'Man caves' or 'Woman sheds' are one of those new-but-old phenomena that have had somewhat of a renaissance in the modern world. They have come in all shapes and sizes in the past: Sheds, offices, even literal caves if you go back far enough.
But they all try to adhere to one particular idea: That a person sometimes needs a place to retreat to, to be able to indulge in their own hobbies and interests. If such an idea is appealing to you, here's what you need to know before you start investing in that 60 inch television for the rugby.
As exciting as the thought of having your own private space to lounge about in is, there are questions of practicality that need to be answered. Your property is probably one of the most significant financial assets that you have, and the addition of a man cave might not be the best idea if you are planning to sell it soon. Russel Poole, managing director of Pzazz Building, explains further:
"A man-cave is a classic example of something that doesn't appeal to 90 per cent of the population," he said in a 23 August article with QV.
If you've retired and this is going to be the last home you buy; go ahead. If you aren't planning to move, feel free. But if you are intending to buy your next home or want to use it as an investment property, it might not be the best idea.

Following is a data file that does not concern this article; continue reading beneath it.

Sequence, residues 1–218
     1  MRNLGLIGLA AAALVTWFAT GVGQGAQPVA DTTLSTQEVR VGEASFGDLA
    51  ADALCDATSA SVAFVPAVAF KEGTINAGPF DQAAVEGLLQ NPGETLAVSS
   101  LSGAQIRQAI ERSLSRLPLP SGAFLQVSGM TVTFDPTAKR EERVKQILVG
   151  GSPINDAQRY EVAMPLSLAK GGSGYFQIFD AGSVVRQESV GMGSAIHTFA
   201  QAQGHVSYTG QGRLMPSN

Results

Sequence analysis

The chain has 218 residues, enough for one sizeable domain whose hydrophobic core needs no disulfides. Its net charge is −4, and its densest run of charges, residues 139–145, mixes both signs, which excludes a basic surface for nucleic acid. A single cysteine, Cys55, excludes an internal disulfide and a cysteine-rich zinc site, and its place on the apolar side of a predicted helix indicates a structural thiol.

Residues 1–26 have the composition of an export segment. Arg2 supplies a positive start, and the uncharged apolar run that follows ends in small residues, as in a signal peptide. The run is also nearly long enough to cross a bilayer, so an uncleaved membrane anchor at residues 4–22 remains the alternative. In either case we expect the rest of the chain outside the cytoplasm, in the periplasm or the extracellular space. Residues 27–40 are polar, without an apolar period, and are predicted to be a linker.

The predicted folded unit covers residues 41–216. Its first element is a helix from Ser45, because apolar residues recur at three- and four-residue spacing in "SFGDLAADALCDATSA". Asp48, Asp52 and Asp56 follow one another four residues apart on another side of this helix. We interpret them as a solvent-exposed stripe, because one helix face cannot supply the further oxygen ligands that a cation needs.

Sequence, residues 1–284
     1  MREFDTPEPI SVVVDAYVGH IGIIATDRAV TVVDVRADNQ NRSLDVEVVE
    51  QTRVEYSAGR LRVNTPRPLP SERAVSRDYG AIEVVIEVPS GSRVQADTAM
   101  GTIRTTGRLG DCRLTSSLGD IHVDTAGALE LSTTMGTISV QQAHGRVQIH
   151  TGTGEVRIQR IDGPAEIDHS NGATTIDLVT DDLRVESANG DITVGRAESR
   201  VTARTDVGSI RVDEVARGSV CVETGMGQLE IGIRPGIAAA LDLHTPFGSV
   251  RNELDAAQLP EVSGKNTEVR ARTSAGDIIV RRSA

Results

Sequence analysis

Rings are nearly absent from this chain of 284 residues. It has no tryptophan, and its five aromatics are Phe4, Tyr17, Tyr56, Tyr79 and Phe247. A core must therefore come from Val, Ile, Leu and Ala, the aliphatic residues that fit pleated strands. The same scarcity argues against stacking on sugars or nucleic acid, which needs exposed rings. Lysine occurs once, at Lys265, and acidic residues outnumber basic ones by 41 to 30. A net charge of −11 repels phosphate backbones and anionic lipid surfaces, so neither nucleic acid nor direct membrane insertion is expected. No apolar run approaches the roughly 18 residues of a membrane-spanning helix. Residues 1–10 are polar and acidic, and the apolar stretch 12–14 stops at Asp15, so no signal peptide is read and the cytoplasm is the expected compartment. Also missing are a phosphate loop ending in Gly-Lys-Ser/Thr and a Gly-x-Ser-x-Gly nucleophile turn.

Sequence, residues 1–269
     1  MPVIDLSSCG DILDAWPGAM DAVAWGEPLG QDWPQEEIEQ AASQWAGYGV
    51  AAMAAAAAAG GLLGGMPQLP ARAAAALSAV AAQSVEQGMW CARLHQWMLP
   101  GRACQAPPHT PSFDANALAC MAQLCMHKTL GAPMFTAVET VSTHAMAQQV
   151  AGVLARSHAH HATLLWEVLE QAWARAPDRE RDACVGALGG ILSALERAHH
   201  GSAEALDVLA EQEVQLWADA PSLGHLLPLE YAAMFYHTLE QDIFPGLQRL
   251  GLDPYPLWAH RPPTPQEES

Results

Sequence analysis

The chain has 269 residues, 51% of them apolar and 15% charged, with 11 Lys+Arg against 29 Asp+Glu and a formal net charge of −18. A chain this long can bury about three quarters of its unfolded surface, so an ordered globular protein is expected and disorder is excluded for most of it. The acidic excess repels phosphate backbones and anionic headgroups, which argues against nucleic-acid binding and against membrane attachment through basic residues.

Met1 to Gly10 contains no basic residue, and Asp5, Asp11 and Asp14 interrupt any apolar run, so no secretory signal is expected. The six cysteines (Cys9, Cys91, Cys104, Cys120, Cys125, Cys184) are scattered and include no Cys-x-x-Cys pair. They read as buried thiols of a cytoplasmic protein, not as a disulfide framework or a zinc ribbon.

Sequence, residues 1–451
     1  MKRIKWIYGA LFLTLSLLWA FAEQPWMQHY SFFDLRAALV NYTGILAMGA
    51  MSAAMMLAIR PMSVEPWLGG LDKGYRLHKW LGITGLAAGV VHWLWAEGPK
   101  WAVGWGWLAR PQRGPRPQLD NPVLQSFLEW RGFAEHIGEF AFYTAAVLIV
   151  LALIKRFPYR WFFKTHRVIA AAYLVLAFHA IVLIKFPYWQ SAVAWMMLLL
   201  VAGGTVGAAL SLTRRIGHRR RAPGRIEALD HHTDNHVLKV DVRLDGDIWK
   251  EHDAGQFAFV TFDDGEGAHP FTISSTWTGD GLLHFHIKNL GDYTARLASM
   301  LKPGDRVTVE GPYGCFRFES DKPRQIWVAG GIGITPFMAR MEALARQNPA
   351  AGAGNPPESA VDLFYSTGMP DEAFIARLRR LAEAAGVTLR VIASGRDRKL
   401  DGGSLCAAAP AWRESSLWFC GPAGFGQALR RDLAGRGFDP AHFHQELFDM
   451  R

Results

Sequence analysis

Space is the next practical factor to keep in mind. You might have a spare room (or even two in some cases), but they may not be suitable for your man cave. When and how it is going to be used is integral to this question; is it an evening-only sports-viewing station, or is it a noon-day workshop?
The former could be fine with a smaller room on a non-sun-facing side of the house, whereas the latter is going to need more of a space commitment and likely some natural light. Furniture can take up a huge amount of space, so you might be surprised with how little you have to work with once you've factored in the bookshelves, sofas, TVs - perhaps even a home bar. Measure twice, cut (or in this case, design) once, and you'll find that cave appears without an issue.
This is probably the toughest question of all. Large renovations can be expensive, and getting all that specialist equipment and/or furnishing can end up doing a number on your bank account. If you find yourself strapped for liquidity, you might still have some money in the attic - so to speak.
A home loan refinancing could free up the capital you need to do this renovation, and might even make your mortgage repayments a little cheaper along the way. Get in touch with the team at Squirrel to find out more.